It was the first time ice skating for 5-year-old Kailyn Simmons — and the first time in a while for her mother, as well.
“I’m kind of scared to figure out how I’m going to help her and me,” Kailyn’s mother, Janelle Simmons, said with a laugh. “I think we’re gonna fall a lot, but it’s going to be fun.”
Baton Rouge residents largely unaccustomed to snowy conditions or ice that isn’t floating in soft drinks flocked to the River Center downtown for Ice Skating on the River, an annual family event that lasts from Dec. 19 to Jan. 4.
Skaters on Saturday morning mostly stuck to the walls. A few tumbled dramatically while others spun their arms wildly and teetered but regained their balance.
“All those Christmas songs are about snow, and this is about as close as we can get to it,” said Cindy Oliveri, whose kids, ages 13 and 16, were back for their third year.
Some icegoers were seasoned attendees.
Tracey Seiden has brought her son Steven, now 12, since he was 4 years old. He hung on to the wall the whole time his first year but has since grown more used to the ice. And despite the scarcity of snow in the Baton Rouge area, Seiden said, the annual skating foray has become something of a family tradition.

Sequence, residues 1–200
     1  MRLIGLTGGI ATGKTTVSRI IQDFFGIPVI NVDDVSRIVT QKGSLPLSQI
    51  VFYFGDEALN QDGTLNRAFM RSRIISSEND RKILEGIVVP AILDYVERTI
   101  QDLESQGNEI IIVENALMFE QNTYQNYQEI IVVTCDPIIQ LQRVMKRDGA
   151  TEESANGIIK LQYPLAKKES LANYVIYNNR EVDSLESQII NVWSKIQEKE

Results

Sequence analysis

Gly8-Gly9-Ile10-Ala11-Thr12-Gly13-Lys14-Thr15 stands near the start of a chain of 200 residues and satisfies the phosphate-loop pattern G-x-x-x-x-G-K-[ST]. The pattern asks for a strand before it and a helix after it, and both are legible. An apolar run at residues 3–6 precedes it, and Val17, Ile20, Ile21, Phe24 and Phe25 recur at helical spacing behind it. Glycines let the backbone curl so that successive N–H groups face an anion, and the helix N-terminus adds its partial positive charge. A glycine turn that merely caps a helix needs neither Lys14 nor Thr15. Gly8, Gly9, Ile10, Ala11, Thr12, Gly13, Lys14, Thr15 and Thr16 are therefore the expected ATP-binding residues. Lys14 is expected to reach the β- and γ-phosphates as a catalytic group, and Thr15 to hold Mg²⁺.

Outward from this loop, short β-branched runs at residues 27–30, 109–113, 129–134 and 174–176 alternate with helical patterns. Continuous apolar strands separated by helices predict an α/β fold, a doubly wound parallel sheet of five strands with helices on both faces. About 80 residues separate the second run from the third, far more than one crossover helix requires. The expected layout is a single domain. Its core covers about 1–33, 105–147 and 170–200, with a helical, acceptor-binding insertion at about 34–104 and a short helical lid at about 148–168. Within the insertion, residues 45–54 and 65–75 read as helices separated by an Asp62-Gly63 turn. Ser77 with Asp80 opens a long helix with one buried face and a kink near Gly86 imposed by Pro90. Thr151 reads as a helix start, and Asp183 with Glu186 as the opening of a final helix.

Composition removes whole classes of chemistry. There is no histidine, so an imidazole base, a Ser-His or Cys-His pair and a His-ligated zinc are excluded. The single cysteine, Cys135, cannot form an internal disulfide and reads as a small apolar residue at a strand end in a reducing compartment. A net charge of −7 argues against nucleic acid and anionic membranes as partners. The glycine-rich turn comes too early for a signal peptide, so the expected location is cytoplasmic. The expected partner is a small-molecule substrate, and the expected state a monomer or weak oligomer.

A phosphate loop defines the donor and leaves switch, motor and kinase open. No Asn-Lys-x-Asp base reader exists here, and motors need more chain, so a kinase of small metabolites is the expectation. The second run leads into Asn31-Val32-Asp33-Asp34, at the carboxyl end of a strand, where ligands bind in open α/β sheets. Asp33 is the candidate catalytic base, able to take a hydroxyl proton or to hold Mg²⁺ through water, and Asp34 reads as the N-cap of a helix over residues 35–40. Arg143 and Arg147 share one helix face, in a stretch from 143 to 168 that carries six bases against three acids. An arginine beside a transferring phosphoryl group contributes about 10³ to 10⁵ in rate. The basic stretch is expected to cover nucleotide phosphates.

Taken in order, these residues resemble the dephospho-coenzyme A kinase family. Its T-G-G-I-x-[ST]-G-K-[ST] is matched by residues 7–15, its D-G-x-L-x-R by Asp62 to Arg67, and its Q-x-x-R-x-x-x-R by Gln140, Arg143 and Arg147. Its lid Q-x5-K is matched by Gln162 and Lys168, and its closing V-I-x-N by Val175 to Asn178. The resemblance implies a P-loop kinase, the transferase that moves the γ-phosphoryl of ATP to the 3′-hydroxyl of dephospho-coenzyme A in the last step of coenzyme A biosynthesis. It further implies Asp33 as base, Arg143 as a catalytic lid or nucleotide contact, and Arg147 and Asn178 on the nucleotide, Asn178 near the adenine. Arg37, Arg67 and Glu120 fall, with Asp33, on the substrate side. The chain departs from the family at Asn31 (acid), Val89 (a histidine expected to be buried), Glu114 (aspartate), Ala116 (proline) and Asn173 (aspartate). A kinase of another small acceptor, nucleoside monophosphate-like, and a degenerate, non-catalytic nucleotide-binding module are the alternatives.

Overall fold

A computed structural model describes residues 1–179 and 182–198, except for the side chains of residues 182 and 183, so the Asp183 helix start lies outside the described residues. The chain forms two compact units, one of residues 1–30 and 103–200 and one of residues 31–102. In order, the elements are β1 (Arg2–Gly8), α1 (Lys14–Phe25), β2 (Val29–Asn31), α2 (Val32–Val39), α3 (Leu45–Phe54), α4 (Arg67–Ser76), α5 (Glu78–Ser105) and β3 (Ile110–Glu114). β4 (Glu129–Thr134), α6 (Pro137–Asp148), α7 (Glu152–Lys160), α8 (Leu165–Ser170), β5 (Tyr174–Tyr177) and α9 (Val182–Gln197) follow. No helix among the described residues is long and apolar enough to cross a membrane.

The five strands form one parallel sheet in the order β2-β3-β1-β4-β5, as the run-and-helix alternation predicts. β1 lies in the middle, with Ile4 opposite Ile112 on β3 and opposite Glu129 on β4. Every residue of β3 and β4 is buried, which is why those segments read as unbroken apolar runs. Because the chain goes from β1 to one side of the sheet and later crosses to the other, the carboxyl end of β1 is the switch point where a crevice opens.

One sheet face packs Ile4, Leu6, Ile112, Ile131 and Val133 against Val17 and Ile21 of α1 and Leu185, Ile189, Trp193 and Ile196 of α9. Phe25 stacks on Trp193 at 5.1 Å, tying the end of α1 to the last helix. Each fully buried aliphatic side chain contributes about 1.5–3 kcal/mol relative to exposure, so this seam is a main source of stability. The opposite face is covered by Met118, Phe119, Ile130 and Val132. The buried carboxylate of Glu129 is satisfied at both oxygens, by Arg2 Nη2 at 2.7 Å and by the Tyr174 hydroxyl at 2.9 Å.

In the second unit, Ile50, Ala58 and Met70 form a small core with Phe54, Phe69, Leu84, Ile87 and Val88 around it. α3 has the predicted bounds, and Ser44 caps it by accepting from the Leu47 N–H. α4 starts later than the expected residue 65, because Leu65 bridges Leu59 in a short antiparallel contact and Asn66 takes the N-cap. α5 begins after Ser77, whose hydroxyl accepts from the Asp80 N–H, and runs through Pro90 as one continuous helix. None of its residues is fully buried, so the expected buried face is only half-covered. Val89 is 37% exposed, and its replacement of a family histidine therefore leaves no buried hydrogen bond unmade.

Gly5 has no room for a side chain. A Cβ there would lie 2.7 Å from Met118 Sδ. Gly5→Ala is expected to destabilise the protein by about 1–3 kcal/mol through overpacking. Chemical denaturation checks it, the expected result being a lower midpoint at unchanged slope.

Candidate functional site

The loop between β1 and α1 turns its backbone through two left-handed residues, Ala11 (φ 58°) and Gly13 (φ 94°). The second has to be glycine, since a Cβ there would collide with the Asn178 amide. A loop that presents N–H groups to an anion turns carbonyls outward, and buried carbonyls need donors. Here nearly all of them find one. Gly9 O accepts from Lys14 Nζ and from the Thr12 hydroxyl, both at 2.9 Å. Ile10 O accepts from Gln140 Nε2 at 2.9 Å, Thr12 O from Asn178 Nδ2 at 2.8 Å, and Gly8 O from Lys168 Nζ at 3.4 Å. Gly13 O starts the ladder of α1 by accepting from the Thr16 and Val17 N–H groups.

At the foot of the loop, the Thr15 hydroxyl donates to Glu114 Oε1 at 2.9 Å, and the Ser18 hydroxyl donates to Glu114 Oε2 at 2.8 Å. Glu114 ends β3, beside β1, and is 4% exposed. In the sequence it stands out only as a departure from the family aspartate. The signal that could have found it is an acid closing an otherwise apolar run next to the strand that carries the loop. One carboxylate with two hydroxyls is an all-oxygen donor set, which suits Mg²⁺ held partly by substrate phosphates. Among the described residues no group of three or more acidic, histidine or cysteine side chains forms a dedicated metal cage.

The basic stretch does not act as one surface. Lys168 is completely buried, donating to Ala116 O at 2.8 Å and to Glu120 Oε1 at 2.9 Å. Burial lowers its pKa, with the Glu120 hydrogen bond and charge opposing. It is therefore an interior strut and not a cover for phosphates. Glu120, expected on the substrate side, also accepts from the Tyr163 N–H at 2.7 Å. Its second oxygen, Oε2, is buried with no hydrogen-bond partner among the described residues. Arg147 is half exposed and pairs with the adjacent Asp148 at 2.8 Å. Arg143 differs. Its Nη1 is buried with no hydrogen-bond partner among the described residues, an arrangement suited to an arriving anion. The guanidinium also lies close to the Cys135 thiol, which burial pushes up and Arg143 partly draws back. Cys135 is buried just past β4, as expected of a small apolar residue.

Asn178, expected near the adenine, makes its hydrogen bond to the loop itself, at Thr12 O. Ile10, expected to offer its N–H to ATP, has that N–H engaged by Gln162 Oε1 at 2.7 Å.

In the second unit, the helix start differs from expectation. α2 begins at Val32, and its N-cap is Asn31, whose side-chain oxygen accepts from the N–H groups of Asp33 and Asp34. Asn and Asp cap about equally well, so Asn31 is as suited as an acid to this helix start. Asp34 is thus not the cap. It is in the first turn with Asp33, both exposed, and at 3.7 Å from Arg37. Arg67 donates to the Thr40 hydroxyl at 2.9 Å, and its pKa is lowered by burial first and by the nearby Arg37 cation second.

“I think it’s a neat opportunity for him to try something you don’t usually get to do in the South,” she said.
Baton Rouge resident Karen Pride brought her 9-year-old son, Trey, and 10-year old daughter, Katie, to the River Center for the second year.
The family is originally from Brunswick, Georgia, so her kids aren’t used to frozen weather, but they relish any chance they get to experience real winter. During last year’s low temperatures in Baton Rouge, Pride’s kids were thrilled by the moments when a small amount of snow fell from their back porch.
“Anything with snow, they get excited,” Pride said as she watched her kids pick up speed around the rink. “This is different for them.”
Karen herself tried to skate with them last year but clung to the wall the whole time.
The rink’s ice is the product of 2½ days of solid work, said Lanny Rabalais, who has worked at the center since 2001 and has overseen the ice production since 2007.
He was proud of the carefully maintained layer of ice that measures about three quarters of an inch thick, which also is coated with a layer of nontoxic white paint. Without the paint, he said, you would see straight through to the concrete below.
A few patrons did struggle with putting on the hard blue plastic skating boots. Shaun DuPlantis, of Houma, had to take a break after a lap or two around the rink and plopped down to a chair, disappointedly readjusting the straps.
“I’m digging it,” he said of the event, “but my damn feet hurt. I should have worn thicker socks.” His wife, Mandy DuPlantis, seemed to fare somewhat better with her pair.
DuPlantis was happy to see some ice again after his five years living in Colorado, where he fondly remembers skating on a pond and snowboarding down dangerous slopes at the Arapahoe Basin ski area. Now, he’s happy to see any snow he can find.
“We don’t have much down here Christmaswise, so to have something like this is really neat.”
Follow Daniel Bethencourt on Twitter, @_dbethencourt.